Inside the hall
Firelines: May 2015
By Dave Balding
By Dave Balding
Fraser Lake Fire Rescue in British Columbia recently attended a chest-pains call. Dispatch identified the complainant over the radio and a number of us recognized the name as that of a local resident. Instead of listening and responding to the civic address given by dispatch, we headed right over to where we knew the local man lived – only to find no one home. After checking back with a very accommodating dispatcher we headed for the correct address, somewhat red faced. Thankfully the patient suffered no ill effects from our folly, and there was a valuable lesson for all of us who attended.
Communication, that vital tool that is so essential to every incident, often receives less attention than it deserves. More than half of our communication is non-verbal. That makes our most common way of communicating – two-way radio – even more of a challenge. Add in ambient noise, a flurry of information coming and going along with other distractions and we have the perfect storm for missed or misinterpreted messages. Concise messages, clear speech, plain language and paraphrasing messages heard to ensure confirmation all help with operational communications. Another critical piece in the communication puzzle is training. Radios are vital pieces of equipment to us; we must be familiar with every facet of their operation, much as we are with our SCBA and pumpers – whether operating on a digital trunked system, simplex analog or a repeater. Do you hold tabletop exercises? Try bringing a communications element into that controlled environment.
Effective communication outside the fire ground is critically important as well. Post-incident debriefs, for example, provide a valuable opportunity for sharing lessons learned, discussing close calls and ensuring all attending members are on the same page. I believe every incident, no matter how minor or routine, deserves a debrief. Longer, complex incidents, or those that may not have gone well, will require a strong leader to keep the conversation positive and on track. Questions should be asked in a non-accusatory fashion, and active listening – a skill that involves paying attention to non-verbal clues such as body language and confirming statements made by speakers – goes a long way to ensure the experience is positive for all participants.
Communicating one-on-one is perhaps the most vital skill for a chief to hone. When a firefighter enters my office I don’t continue to work, check emails or pursue other distractions as we converse, even if it’s small talk. If I can’t set aside that time for all members of our organization then there’s something wrong.
We are almost always communicating, sometimes in unspoken ways. Consider the message of pride sent to the community when we drive around in a shiny apparatus.
Our individual performances send powerful messages as well. I recently mused with our members about how to encourage healthy lifestyle choices, and considered a fitness standard to promote physical health. It soon became evident that in our volunteer environment there is no realistic way to mandate any particular level of fitness. As in most every facet of leadership, the best way to send a powerful message is serve as a role model. Another message I send when the weather permits here in British Columbia’s Central Interior is for residents passing by the fire hall. Wide-open apparatus bay doors encourage passersby to drop by and see what’s inside. Sure, it takes a few minutes out of my day to chat with Mrs. Smith and her young son, but it’s also a tremendous opportunity to stir up interest in the emergency services and send a fire-prevention message home with them.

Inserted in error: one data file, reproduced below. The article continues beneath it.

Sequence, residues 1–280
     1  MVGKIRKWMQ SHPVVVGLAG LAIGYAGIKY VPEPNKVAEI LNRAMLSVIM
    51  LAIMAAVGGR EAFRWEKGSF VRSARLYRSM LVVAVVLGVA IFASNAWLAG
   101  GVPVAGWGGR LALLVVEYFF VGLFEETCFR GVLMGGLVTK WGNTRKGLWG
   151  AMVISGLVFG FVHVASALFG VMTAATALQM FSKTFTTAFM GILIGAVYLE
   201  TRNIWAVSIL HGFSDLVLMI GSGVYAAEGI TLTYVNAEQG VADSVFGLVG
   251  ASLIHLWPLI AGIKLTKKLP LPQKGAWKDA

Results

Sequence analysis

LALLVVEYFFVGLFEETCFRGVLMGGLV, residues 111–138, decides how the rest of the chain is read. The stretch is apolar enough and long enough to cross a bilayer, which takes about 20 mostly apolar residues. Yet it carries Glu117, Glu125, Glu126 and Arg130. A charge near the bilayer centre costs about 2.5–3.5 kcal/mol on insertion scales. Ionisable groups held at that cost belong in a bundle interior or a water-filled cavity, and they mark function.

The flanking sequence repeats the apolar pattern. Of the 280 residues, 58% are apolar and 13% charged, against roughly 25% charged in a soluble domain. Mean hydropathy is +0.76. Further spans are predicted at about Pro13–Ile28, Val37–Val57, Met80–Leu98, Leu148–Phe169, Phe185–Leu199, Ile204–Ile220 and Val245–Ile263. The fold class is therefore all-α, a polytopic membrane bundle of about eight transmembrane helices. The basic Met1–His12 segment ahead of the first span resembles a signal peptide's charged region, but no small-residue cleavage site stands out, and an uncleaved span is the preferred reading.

Communication continues to evolve in the fire service. Our now ubiquitous smart phones, by example, are a far cry from the bugles we once used on the fire ground. We must embrace new methods of communication as they become viable. I now communicate with our firefighters through texting – with great success. Social media is a far too often ignored communication platform that has its own set of rules. Ignore it at your peril as it has the potential, if unmanaged, to create havoc. Take advantage of this powerful instrument to spread messages about virtually every aspect of your department. It’s another opportunity to get messages out to the public.
Communication has many facets; it is also an oft-cited flaw in most every post-incident review. Like any of the skills demanded of us in our profession, we must continually work on our mastery of communication – both on and off the fire ground.
Dave Balding joined the fire service in 1985 and is now fire chief and emergency co-ordinator for the Village of Fraser Lake in British Columbia’s Central Interior. Contact Dave at firstname.lastname@example.org and follow him on Twitter at @FraserLakeFire